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§ 1002.3 Limited exceptions for certain classes of transactions.

This version is the current regulation

(a) Public utilities credit &emdash;

1. Definition. This definition applies only to credit for the purchase of a utility service, such as electricity, gas, or telephone service. Credit provided or offered by a public utility for some other purpose - such as for financing the purchase of a gas dryer, telephone equipment, or other durable goods, or for insulation or other home improvements - is not excepted.

2. Security deposits. A utility company is a creditor when it supplies utility service and bills the user after the service has been provided. Thus, any credit term (such as a requirement for a security deposit) is subject to the regulation's bar against discrimination on a prohibited basis.

3. Telephone companies. A telephone company's credit transactions qualify for the exceptions provided in § 1002.3(a)(2) only if the company is regulated by a government unit or files the charges for service, delayed payment, or any discount for prompt payment with a government unit.

See interpretation of 3(a) Public-utilities credit. in Supplement I

(1) Definition. Public utilities credit refers to extensions of credit that involve public utility services provided through pipe, wire, or other connected facilities, or radio or similar transmission (including extensions of such facilities), if the charges for service, delayed payment, and any discount for prompt payment are filed with or regulated by a government unit.

(2) Exceptions. The following provisions of this part do not apply to public utilities credit:

(i) Section 1002.5(d)(1) concerning information about marital status; and

(ii) Section 1002.12(b) relating to record retention.

(b) Securities credit

(1) Definition. Securities credit refers to extensions of credit subject to regulation under section 7 of the Securities Exchange Act of 1934 or extensions of credit by a broker or dealer subject to regulation as a broker or dealer under the Securities Exchange Act of 1934.

(2) Exceptions. The following provisions of this part do not apply to securities credit:

(i) Section 1002.5(b) concerning information about the sex of an applicant;

(ii) Section 1002.5(c) concerning information about a spouse or former spouse;

(iii) Section 1002.5(d)(1) concerning information about marital status;

(iv) Section 1002.7(b) relating to designation of name to the extent necessary to comply with rules regarding an account in which a broker or dealer has an interest, or rules regarding the aggregation of accounts of spouses to determine controlling interests, beneficial interests, beneficial ownership, or purchase limitations and restrictions;

(v) Section 1002.7(c) relating to action concerning open-end accounts, to the extent the action taken is on the basis of a change of name or marital status;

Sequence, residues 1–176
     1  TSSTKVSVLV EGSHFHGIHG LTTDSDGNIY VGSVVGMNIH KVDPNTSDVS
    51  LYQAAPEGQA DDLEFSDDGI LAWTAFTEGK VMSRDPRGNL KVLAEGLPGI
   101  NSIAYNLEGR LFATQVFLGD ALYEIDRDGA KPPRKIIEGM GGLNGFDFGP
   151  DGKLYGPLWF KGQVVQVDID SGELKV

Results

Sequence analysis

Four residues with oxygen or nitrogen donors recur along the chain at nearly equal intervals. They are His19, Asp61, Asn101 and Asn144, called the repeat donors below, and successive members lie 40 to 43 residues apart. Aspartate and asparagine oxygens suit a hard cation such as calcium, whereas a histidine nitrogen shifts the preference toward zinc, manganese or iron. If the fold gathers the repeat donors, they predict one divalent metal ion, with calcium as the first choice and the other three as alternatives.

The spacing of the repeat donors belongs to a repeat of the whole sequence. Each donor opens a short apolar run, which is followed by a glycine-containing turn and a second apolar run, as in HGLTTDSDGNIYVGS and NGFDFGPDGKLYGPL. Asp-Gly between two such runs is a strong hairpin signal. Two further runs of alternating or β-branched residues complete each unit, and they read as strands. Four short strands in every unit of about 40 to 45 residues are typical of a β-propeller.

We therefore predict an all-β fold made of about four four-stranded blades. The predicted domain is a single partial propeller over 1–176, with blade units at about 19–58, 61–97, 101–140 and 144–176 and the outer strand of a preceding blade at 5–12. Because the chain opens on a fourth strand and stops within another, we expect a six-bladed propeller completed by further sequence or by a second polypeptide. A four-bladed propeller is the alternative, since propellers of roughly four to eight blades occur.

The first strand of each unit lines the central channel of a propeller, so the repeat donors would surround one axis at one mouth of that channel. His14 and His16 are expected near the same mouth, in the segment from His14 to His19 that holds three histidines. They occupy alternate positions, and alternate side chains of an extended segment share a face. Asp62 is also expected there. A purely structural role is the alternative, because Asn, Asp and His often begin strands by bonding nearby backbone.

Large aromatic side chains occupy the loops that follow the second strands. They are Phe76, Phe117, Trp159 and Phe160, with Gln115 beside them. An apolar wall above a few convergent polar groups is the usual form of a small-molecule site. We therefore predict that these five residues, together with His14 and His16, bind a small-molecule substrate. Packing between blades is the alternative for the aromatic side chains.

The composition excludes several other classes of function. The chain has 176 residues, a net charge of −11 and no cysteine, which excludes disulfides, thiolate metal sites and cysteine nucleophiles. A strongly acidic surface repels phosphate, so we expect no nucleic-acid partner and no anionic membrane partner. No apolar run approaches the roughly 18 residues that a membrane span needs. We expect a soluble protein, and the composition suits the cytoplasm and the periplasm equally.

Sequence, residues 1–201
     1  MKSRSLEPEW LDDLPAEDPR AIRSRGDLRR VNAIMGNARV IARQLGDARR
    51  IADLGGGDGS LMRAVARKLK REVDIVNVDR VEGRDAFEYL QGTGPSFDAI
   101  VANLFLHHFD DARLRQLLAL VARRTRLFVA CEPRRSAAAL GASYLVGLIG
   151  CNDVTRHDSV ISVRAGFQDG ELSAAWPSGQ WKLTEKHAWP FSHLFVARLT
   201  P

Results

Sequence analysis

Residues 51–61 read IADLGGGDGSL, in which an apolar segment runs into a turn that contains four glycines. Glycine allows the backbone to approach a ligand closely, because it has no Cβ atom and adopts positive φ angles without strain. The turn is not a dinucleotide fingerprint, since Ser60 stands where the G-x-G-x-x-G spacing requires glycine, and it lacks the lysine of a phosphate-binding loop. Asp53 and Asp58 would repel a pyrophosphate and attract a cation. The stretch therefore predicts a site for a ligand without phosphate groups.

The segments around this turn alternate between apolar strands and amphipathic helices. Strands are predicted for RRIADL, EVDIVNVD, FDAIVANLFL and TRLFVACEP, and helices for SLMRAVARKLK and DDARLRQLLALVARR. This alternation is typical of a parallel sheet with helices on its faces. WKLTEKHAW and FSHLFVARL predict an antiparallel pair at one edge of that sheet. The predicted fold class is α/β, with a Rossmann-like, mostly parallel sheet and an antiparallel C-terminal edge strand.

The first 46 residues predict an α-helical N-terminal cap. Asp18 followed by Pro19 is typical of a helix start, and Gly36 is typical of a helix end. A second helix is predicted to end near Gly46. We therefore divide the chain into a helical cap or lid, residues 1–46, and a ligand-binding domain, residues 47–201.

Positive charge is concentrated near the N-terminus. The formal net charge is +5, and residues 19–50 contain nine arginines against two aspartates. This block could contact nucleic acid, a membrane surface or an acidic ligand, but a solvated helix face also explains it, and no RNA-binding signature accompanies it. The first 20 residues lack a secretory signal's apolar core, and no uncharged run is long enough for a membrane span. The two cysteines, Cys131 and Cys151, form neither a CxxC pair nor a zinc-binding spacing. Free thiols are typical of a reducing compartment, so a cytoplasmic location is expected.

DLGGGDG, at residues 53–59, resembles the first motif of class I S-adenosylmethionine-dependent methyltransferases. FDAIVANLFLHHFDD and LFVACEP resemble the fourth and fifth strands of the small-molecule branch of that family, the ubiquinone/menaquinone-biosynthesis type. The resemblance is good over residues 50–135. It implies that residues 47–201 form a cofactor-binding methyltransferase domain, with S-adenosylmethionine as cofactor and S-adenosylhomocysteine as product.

(vi) Section 1002.7(d) relating to the signature of a spouse or other person;

(vii) Section 1002.10 relating to furnishing of credit information; and

(viii) Section 1002.12(b) relating to record retention.

(c) Incidental credit

1. Examples. If a service provider (such as a hospital, doctor, lawyer, or merchant) allows the client or customer to defer the payment of a bill, this deferral of debt is credit for purposes of the regulation, even though there is no finance charge and no agreement for payment in installments. Because of the exceptions provided by this section, however, these particular credit extensions are excepted from compliance with certain procedural requirements as specified in § 1002.3(c).

See interpretation of 3(c) Incidental credit. in Supplement I

(1) Definition. Incidental credit refers to extensions of consumer credit other than the types described in paragraphs (a) and (b) of this section:

(i) That are not made pursuant to the terms of a credit card account;

(ii) That are not subject to a finance charge (as defined in Regulation Z, 12 CFR 1026.4); and

(iii) That are not payable by agreement in more than four installments.

(2) Exceptions. The following provisions of this part do not apply to incidental credit:

(i) Section 1002.5(b) concerning information about the sex of an applicant, but only to the extent necessary for medical records or similar purposes;

(ii) Section 1002.5(c) concerning information about a spouse or former spouse;

(iii) Section 1002.5(d)(1) concerning information about marital status;

(iv) Section 1002.5(d)(2) concerning information about income derived from alimony, child support, or separate maintenance payments;

(v) Section 1002.7(d) relating to the signature of a spouse or other person;

(vi) Section 1002.9 relating to notifications;

(vii) Section 1002.10 relating to furnishing of credit information; and

(viii) Section 1002.12(b) relating to record retention.

(d) Government credit &emdash;

1. Credit to governments. The exception relates to credit extended to (not by) governmental entities. For example, credit extended to a local government is covered by this exception, but credit extended to consumers by a Federal or state housing agency does not qualify for special treatment under this category.

See interpretation of 3(d) Government credit. in Supplement I

(1) Definition. Government credit refers to extensions of credit made to governments or governmental subdivisions, agencies, or instrumentalities.

(2) Applicability of regulation. Except for § 1002.4(a), the general rule against discrimination on a prohibited basis, the requirements of this part do not apply to government credit.